Immunofluorescence and microscopy
Adult wings of females were detached from thorax using forceps 4 days after eclosion and mounted in Euparal (Roth #7356.1). They were imaged on KEYENCE VHX1000 digital microscope. Imaginal discs were dissected 108 h AEL from normal food and 156 h AEL from NR unless otherwise stated.
Imaginal discs and brains were fixed in 4% paraformaldehyde (PFA, 30 min, room temperature (RT)), washed thrice in 0.3% Triton-X in PBS (PBT, 15 min, RT), blocked in 2% Normal Donkey Serum in 0.3% PBT (2 h, 4°C), incubated with primary antibodies (overnight, 4°C), washed thrice in 0.3% PBT (15 min each, RT), incubated with secondary antibodies (2 h, RT), washed thrice in 0.3% PBT (15 min each, RT), stained with DAPI in 0.3% PBT (1:2000, 10 min, RT), and washed once with PBS (10 min, RT). The samples were mounted in VECTASHIELD (Vector Laboratories H-1000). Confocal images were obtained on Leica SPE TCS confocal laser-scanning microscope.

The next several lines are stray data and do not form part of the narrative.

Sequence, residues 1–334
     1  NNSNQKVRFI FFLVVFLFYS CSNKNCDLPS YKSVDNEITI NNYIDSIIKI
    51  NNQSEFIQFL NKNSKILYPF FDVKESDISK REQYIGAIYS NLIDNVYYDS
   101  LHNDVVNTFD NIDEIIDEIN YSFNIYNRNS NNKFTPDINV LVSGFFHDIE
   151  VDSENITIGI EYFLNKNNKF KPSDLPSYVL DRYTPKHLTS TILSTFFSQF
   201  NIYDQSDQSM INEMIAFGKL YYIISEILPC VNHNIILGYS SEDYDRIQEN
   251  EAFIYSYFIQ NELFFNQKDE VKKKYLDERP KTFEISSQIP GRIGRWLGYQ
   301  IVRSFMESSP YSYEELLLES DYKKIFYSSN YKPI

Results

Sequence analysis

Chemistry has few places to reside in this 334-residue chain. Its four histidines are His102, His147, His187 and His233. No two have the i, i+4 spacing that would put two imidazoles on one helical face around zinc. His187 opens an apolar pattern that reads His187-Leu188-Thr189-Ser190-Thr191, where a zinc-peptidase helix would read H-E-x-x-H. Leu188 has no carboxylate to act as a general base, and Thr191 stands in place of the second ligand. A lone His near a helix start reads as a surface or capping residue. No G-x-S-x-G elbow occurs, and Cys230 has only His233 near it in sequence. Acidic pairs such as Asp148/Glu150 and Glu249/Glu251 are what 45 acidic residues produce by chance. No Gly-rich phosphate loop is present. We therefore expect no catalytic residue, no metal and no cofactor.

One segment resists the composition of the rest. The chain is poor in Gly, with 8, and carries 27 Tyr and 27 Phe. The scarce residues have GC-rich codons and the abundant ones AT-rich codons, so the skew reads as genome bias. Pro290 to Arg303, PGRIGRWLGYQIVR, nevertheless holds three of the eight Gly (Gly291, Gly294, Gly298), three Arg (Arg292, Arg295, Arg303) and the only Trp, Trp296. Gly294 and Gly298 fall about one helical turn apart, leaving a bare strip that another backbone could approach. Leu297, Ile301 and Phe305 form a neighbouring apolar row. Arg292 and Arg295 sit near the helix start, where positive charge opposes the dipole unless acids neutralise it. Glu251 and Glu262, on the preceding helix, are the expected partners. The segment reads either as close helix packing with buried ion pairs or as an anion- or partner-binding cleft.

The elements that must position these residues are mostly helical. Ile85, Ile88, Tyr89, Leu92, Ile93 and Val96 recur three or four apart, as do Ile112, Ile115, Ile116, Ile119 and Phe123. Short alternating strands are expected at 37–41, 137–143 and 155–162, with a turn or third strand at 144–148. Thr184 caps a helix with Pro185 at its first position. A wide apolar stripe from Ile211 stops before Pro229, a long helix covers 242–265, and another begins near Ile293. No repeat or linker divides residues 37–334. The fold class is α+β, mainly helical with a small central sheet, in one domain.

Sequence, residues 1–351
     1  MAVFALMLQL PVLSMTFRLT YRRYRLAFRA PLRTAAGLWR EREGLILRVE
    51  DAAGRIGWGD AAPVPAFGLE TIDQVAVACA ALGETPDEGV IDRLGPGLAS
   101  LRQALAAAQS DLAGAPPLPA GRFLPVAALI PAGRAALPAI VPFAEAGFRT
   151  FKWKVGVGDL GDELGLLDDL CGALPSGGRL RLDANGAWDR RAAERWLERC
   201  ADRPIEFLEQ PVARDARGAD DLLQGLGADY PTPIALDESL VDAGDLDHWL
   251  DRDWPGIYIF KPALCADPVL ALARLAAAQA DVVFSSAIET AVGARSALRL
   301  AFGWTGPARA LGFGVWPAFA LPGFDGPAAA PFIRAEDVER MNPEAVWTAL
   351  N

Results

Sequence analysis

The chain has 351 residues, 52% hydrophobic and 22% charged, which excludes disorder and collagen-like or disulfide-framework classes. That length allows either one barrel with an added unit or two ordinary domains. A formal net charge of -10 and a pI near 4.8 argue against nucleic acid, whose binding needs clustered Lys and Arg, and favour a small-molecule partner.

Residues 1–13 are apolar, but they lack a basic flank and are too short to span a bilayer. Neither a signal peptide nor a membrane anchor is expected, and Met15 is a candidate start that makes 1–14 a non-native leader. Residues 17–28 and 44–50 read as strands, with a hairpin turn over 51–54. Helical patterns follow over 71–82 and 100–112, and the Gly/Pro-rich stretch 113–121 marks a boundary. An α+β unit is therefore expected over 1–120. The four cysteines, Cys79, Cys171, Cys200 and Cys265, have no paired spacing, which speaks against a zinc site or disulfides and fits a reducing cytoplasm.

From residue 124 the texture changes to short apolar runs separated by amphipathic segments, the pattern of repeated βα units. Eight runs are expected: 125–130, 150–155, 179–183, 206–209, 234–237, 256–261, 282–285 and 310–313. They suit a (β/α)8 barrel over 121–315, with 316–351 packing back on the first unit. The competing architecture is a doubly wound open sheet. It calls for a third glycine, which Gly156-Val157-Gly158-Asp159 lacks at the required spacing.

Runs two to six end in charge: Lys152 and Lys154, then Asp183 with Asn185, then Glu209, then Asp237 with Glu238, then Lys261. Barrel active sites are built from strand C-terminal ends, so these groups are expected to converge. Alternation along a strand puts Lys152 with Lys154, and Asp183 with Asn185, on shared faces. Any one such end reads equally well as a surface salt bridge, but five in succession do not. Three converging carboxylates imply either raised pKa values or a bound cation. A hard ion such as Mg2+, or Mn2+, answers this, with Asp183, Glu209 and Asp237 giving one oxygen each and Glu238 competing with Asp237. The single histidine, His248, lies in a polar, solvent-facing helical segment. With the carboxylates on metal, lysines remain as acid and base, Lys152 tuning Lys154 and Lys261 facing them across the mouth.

Antibodies used: rabbit anti-phospho-Drosophila Akt Ser505 (Cell Signaling Technology #4054, 1:300), rabbit anti-Repo (gift from Angela Giangrande, 1:500), rabbit anti-cleaved Drosophila Dcp-1 Asp216 (Cell Signaling Technology #9578, 1:200), goat anti-rabbit Alexa Fluor 488 (Thermo Fisher Scientific #A11034, 1:500) and goat anti-rabbit Alexa Fluor 633 (Thermo Fisher Scientific #A21070, 1:500). All antibody dilutions were made in 2% NDS in 0.3% PBT.
Quantification and statistical analysis